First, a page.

absent a signature, “the effect or validity of the agreement may
be shown by the actions and conduct by the parties.” Id. at 1213
(citations omitted). Because the purchasers signed the agreement
and the seller filed a motion to stay pending arbitration, the
court found that the seller’s “failure to sign did not invalidate
the agreement and [the seller’s] actions show the effect or
validity of the agreement.” Id. See also In re Succession of
Taravella, 98-834, p. 3 (La. App. 5 Cir. 4/27/99); 734 So. 2d 149,
151 (“When an agreement lacks a signature, the actions and the
conduct of the party or parties, who did not sign, may show the
effect or validity of the agreement”) (emphasis added) (citations
omitted); Alford v. Johnson Rice & Co., 99-3119, p. 5 (La. App. 4
arbitration agreements “do not have to be signed” under the FAA);
Jasper Contractors, Inc. v. E-Claim.com, LLC, 11-0978, p. 9 n.7
(La. App. 1 Cir. 5/4/12); 94 So. 3d 123, 130 n.7 (noting that when
“the party seeking to avoid arbitration has not signed any contract
requiring arbitration . . . such a party may not have agreed to
submit grievances to arbitration at all”) (emphasis added).
Second, Plaintiffs argue that Louisiana law invalidates “any
term that fixes venue” in a consumer transaction. Rec. Doc. 14 at
6-7 (citing LA. REV. STAT. ANN. § 51:1418(C) (which provides, in
relevant part, that “[t]he following terms of a writing executed
by a consumer are invalid with respect to consumer transactions or
modifications thereof: . . . any term that fixes venue”); LA. REV.
STAT. ANN. § 51:1407(A) (“It being against the public policy of the
state of Louisiana to allow a contractual selection of venue or
jurisdiction contrary to the provisions of the Louisiana Code of
Civil Procedure, no provision of any contract which purports to
waive these provisions of venue, or to waive or select venue or
jurisdiction in advance of the filing of any civil action, may be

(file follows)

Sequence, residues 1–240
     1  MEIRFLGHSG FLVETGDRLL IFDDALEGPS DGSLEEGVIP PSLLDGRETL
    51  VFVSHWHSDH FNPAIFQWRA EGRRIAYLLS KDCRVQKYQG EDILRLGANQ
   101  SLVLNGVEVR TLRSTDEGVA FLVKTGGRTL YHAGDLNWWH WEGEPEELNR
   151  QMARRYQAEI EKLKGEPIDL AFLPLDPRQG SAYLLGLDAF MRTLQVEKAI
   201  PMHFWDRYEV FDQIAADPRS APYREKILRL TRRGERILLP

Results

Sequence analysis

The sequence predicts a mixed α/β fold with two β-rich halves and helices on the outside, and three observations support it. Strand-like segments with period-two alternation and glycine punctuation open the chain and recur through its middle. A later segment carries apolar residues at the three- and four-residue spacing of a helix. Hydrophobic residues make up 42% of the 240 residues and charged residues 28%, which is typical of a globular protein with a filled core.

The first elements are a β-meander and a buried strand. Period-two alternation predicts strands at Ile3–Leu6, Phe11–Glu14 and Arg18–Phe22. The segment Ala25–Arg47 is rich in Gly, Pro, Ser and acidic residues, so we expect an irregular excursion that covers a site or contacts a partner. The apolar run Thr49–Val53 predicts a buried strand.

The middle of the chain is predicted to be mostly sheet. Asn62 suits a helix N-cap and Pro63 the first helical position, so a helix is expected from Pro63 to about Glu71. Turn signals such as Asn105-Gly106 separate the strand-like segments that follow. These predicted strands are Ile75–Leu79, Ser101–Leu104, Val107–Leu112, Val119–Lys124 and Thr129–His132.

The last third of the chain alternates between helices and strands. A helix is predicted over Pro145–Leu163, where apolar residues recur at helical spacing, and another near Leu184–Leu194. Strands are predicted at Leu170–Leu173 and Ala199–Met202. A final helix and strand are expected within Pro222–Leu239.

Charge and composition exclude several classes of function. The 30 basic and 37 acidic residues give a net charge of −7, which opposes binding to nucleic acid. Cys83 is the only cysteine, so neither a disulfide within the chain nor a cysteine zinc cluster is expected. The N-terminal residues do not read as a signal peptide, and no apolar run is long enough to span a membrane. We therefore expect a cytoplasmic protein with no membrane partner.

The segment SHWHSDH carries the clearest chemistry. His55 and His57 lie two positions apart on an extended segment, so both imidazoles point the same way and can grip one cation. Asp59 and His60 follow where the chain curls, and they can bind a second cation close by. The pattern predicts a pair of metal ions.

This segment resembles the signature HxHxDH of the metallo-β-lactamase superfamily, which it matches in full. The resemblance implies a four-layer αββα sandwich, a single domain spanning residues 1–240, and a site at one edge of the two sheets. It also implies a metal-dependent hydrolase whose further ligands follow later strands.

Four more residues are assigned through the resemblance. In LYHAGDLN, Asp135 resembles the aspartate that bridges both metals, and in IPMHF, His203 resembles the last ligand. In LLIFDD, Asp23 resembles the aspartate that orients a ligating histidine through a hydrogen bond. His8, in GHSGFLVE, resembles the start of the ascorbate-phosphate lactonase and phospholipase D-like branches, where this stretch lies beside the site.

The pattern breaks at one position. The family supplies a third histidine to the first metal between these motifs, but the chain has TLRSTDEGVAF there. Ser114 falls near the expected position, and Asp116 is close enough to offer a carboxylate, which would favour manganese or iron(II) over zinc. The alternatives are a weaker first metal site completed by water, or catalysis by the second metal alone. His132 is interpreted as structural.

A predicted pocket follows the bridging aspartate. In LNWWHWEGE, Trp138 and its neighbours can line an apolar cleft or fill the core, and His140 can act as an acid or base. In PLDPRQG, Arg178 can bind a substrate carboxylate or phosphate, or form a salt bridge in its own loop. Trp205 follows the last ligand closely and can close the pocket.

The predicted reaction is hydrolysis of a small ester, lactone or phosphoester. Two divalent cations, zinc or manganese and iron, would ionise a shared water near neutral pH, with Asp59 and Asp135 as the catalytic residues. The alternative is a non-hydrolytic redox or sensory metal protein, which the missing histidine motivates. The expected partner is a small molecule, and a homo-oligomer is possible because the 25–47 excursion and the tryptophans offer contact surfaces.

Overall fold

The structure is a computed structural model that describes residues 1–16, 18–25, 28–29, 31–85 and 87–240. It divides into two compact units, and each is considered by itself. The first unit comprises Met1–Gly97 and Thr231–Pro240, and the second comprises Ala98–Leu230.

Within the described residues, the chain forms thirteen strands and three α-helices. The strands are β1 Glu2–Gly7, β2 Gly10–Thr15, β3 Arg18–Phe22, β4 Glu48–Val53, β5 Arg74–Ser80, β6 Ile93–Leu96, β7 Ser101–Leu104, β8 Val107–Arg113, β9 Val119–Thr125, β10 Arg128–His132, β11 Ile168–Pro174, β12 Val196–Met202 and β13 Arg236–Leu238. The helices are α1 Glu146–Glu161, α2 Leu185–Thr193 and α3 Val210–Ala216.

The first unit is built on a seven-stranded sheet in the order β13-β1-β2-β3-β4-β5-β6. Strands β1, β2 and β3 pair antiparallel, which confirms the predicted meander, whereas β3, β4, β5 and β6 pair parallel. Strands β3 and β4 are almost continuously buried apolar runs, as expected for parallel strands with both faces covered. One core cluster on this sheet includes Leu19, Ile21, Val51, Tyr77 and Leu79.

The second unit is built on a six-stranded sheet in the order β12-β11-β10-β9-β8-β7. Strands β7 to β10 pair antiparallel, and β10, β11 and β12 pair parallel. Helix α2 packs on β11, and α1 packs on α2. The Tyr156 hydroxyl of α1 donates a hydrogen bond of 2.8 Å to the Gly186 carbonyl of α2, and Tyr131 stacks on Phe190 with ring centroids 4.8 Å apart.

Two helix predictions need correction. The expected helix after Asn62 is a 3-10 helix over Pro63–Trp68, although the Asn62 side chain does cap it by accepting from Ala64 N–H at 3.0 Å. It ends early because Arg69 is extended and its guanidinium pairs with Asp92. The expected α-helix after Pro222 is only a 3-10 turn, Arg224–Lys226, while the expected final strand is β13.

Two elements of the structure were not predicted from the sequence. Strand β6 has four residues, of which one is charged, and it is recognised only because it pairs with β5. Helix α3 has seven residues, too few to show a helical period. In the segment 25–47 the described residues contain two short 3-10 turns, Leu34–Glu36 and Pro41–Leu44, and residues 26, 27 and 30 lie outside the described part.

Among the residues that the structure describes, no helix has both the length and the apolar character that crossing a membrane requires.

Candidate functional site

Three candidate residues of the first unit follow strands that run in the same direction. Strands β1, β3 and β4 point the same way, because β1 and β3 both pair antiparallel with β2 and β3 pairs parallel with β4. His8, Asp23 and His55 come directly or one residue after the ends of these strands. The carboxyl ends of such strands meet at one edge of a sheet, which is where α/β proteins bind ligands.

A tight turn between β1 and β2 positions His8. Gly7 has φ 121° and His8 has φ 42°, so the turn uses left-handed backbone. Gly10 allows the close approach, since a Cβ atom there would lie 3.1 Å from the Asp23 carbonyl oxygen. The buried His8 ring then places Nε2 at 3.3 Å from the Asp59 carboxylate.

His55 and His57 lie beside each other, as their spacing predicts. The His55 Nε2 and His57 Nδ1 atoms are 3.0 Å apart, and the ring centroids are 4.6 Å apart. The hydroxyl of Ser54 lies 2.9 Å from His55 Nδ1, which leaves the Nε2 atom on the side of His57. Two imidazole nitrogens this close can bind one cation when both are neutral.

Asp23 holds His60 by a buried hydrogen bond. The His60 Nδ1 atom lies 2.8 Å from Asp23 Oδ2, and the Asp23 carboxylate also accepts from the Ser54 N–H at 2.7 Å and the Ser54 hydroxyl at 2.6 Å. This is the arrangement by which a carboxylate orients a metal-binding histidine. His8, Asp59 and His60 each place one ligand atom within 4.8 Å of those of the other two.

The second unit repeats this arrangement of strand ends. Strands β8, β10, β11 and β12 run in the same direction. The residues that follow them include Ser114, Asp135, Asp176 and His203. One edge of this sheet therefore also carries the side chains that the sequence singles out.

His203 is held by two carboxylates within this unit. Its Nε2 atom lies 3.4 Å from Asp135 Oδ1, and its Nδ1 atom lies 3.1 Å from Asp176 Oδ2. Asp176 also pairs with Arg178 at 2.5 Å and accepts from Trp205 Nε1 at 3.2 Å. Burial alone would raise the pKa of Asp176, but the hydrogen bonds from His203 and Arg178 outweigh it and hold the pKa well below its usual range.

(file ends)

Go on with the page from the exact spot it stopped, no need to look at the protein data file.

enforced against any plaintiff in an action brought in these
Defendants correctly respond that the FAA preempts any state
law that attempts to prohibit the enforcement of otherwise valid
arbitration agreements. Rec. Doc. 17 at 3.
“In enacting § 2 of the [FAA], Congress declared a national
policy favoring arbitration and withdrew the power of the states
to require a judicial forum for the resolution of claims which the
Keating, 465 U.S. at 10. In other words, “Congress intended to
enforceability of arbitration agreements.” Id. at 861 (footnotes
omitted). See also Allied-Bruce Terminix Cos., Inc. v. Dobson, 513
U.S. 265, 281 (1995) (noting that “§ 2 gives States a method for
protecting consumers against unfair pressure to agree to . . . an
unwanted arbitration provision . . . under general contract law
principles . . . . What States may not do is decide that a contract
is fair enough to enforce all its basic terms (price, service,
credit), but not fair enough to enforce its arbitration clause.
The Act makes any such state policy unlawful, for that kind of
policy would place arbitration clauses on an unequal ‘footing,’
directly contrary to the Act’s language and Congress’ intent.”)
(citations omitted); Perry v. Thomas, 482 U.S. 483, 491 (1987)
(holding that “[t]his clear federal policy places § 2 of the Act
in unmistakable conflict with California’s § 229 requirement that
litigants be provided a judicial forum for resolving wage disputes.
Therefore, under the Supremacy Clause, the state statute must give
way.”); Aguillard v. Auction Mgmt. Corp., 04-2804, p. 8 (La.
6/29/05); 908 So. 2d 1, 8 (“The United States Supreme Court has
made it clear that the substantive provisions of the FAA preempt
state law . . . courts must enforce arbitration agreements in
contracts covered by the FAA, notwithstanding any state statutory
or jurisprudential rules to the contrary.”).
In Simpson v. Grimes, the plaintiffs made the same argument
made by Plaintiffs here:
that, because they asserted claims under
the LUTPA, the arbitration clause “fixing venue” was rendered
unenforceable by § 1418. 02-0869, p. 7 (La. App. 3 Cir. 5/21/03);
849 So. 2d 740, 745, writ denied, 03-2497 (La. 12/19/03); 861 So.
2d 567, abrogated on other grounds by Aguillard, 908 So. 2d 1. The
claims could not be raised in cases involving securities and, more
arbitrability preempts any state law to the contrary.” Id. at 746
(citing Keating, 465 U.S. 1).
invalidate otherwise valid arbitration agreements. If it did, it